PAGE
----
Tuesday, June 14, 2016

Amazing exhibits at the Space and Rocket Center in Huntsville, Alabama

The US Space and Rocket Center in Huntsville, Alabama is home to one of the most extensive collections of technology used in space exploration.  Of particular note are the awesome displays inside the Saturn V Hall. These include things like a full size Saturn V rocket, the Apollo 16 Command Module, and the Apollo training simulator. Throughout the massive complex there are opportunities to learn. Opportunities like viewing IMAX movies, attending space camp, rock climbing on a "martian" wall, or even riding on amusement park rides all help visitors learn more about the goes into exploring space. There are so many things to see and do that it's almost hard to know where to start.

Location: One Tranquility Base Huntsville, Alabama

Cost: Tickets for adults over age 13 are $23.  Children from ages 5 to 12 are $15. Children ages 4 and under are free.

Operating Seasons and Hours: Open from 9:00 am to 5:00 pm every day of the year except Thanksgiving Day, Christmas Eve, Christmas Day and New Year’s Day.

Official Website: http://rocketcenter.com/

Date of Visit: Thursday, April 14, 2016

This was the first stop of the fourth day of my family's road trip to the Lookout Mountain area of Alabama in April of 2016.  Huntsville is not really in the Lookout Mountain Area. However, we really wanted to see the Rocket Center and so I added it to our itinerary.  I figured this might be the closest we'd ever get to Huntsville while we lived in Alabama. So we drove the 80 miles from Fort Payne to Huntsville.

Remember the movie October Sky, about a group of teenage boys who learned how to make small rockets in the 1950's? Throughout the movie the main character, Homer Hickam, wishes he could be in Cape Canaveral, Florida designing rockets alongside his hero Dr Wernher von Braun.  What Homer didn't know was that Dr. von Braun wasn't working in Cape Canaveral.  He was really in Huntsville, Alabama.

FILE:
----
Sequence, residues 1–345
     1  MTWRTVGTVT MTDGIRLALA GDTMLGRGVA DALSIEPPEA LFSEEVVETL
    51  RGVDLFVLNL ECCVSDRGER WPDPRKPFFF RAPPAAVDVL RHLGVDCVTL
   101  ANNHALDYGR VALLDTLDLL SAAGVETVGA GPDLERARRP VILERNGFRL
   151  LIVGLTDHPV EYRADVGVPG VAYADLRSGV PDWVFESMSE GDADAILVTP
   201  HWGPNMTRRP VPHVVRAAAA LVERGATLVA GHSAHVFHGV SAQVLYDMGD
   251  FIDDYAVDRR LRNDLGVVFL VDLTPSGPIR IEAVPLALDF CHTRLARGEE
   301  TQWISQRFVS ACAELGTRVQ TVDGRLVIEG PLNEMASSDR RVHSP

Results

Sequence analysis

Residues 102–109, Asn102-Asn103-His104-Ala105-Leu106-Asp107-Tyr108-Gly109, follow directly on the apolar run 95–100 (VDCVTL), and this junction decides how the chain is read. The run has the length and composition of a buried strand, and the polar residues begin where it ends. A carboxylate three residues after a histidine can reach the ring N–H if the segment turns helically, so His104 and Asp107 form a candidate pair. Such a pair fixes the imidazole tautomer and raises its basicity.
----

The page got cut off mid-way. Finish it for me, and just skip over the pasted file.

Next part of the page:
It was in Huntsville that Dr. von Braun and his team developed the mighty Saturn V Rocket that took men to the moon during the Apollo program in the 1960's. They worked for NASA at the Marshall Space Flight Center. As the Apollo program was winding down, Dr von Braun helped create the US Space and Rocket Center which opened in 1970.  This place was designed to showcase all the amazing technology that the Marshall Space Flight Center had created to put men on the moon.  Over the years the complex grew and more pieces from the history of space exploration were added to the collection.

I decided that my family should visit the US Space and Rocket Center while we lived in Alabama. I have a special place in my heart for the 1960's space race.  My dad grew up during that time, and read all about it as an adult. When I was young my dad would tell me stories about the history of the space program. I developed my own interest in the Space Program. Visiting the Rocket Center would be a fun way to see the things that my dad and I had read about.

That love for history made me okay with paying quite a bit of money for our visit to the Rocket Center. At $23 for an adult ticket and $15 for a child's ticket, visiting the Rocket Center was almost out of our budget for my family of six.  However, my husband got in for free since he is an active duty military member.  And our younger two children were under 5 so they also got in for free.  That meant we only had to pay for my ticket and two tickets for our five year old twins.  That brought the total to $53 which was still expensive, but more manageable.  We could have added some IMAX movie tickets onto the price of admission, but I didn't want to pay any extra money.